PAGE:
Prostate cancer is the most common cancer among men in the United States. According to the American Cancer Society, more than 160,000 men in the United States are diagnosed with prostate cancer annually and more than 28,000 of them die from prostate cancer each year.
Apalutamide, marketed as Erleada, was approved by the FDA Feb. 14, 2018 for treating men who have an earlier form of prostate cancer called nonmetastatic castration-resistant prostate cancer.
Clinical Trial Result
The phase 3 clinical trial for Erleada was conducted at 332 locations in 26 countries, with 1,207 patients who had a rapidly rising prostate specific antigen and whose CT scans showed no evidence that the cancer had spread beyond the prostate—806 of whom were given 240 milligrams daily of Erleada and 401 of whom were given a placebo.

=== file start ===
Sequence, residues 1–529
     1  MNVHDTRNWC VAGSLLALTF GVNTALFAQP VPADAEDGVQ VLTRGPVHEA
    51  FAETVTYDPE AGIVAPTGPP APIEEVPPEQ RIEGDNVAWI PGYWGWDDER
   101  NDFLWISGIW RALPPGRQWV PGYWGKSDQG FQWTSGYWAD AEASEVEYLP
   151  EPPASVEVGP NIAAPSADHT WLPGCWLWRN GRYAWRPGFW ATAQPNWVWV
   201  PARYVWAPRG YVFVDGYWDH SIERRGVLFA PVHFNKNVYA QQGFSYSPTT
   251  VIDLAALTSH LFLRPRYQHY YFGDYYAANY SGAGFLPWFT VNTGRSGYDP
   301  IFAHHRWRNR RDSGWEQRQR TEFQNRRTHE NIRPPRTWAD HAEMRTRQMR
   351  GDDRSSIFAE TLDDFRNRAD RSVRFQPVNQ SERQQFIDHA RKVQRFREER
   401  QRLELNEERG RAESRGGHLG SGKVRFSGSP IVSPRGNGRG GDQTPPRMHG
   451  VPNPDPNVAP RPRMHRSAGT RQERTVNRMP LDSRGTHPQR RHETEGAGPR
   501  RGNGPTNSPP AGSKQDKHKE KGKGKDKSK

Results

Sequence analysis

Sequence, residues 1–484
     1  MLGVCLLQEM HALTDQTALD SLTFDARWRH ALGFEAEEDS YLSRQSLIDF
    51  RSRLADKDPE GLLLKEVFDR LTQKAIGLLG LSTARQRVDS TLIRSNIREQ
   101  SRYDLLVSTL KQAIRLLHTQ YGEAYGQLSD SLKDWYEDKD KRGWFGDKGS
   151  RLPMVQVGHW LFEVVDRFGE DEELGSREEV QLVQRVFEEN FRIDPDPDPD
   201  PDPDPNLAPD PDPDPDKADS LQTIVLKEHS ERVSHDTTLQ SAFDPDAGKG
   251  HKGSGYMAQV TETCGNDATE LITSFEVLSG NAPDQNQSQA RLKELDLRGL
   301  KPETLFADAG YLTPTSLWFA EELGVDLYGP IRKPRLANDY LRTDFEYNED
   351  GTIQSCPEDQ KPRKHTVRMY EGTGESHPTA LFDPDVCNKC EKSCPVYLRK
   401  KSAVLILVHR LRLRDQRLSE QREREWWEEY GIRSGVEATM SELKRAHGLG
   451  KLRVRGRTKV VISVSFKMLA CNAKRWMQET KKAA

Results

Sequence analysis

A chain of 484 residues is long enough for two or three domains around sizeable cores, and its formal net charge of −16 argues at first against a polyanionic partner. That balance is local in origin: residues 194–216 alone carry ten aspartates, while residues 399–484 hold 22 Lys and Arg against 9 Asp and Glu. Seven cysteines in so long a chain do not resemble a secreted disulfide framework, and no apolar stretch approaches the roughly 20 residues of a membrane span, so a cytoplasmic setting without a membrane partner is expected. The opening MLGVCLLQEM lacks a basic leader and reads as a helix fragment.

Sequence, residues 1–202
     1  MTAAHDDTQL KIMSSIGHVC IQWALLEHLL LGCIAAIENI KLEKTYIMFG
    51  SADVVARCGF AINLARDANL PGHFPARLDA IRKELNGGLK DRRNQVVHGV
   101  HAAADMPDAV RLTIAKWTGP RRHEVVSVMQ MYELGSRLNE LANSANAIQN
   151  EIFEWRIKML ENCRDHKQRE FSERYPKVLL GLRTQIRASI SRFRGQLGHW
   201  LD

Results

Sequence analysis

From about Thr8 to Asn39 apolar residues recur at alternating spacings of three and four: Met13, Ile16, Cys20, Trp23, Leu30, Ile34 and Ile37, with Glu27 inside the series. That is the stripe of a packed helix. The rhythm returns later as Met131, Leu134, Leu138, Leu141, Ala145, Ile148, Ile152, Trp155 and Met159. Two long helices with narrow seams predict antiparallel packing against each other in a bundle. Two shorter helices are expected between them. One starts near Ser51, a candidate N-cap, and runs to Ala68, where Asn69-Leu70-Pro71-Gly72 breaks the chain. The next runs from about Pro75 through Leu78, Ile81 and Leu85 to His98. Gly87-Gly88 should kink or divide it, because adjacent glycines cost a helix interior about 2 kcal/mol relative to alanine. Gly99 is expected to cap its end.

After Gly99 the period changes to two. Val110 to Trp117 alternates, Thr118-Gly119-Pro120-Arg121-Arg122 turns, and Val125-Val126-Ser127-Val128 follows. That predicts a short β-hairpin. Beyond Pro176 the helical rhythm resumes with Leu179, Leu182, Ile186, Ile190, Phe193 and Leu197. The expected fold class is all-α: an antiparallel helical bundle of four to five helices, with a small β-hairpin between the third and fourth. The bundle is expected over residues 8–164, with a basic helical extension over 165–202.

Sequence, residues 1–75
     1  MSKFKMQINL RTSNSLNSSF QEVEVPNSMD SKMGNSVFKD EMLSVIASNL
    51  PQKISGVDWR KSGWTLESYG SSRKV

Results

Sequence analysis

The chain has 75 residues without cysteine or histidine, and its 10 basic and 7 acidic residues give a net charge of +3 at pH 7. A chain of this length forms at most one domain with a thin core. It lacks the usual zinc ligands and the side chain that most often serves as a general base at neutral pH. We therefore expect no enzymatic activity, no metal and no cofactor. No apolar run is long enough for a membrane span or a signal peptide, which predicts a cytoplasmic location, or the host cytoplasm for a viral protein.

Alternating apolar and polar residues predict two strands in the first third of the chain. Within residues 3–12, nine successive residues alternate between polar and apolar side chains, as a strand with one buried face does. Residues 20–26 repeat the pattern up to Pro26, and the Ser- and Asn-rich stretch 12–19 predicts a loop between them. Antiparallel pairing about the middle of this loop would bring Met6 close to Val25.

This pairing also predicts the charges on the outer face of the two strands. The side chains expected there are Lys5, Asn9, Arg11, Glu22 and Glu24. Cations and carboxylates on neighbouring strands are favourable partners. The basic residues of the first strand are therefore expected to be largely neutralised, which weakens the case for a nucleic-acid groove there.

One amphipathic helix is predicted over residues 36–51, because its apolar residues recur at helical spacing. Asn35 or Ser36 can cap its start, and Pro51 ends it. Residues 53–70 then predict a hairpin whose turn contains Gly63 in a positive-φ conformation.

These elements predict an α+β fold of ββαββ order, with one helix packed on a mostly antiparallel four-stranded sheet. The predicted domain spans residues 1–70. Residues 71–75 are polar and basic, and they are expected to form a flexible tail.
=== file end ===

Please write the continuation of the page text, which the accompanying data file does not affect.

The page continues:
The data supporting Erleada’s effectiveness and safety were so strong that the FDA decided to end the trial a couple of years ahead of schedule (after slightly more than three years).
The phase three trial for Erleada showed that, after 16 months, on average, men taking the placebo had their cancer spread from the prostate to other areas—such as the bones, lymph nodes or brain—while for those men taking Erleada, the time before the prostate cancer began to spread was extended to more than 40 months, on average. This result was observed in men in all age groups.
Erleada can be taken before men show any spread of the cancer, when their prostate specific antigen level is high. PSA is a biomarker for prostate cancer; the higher the PSA level, the more cancer there is. Seventy percent of men older than 70 get prostate cancer, but it is usually very slow-growing, and men typically die with the cancer, not from it.
Side effects from Erleada and Xtandi, such as fatigue and rash, are not very severe, according to the researchers.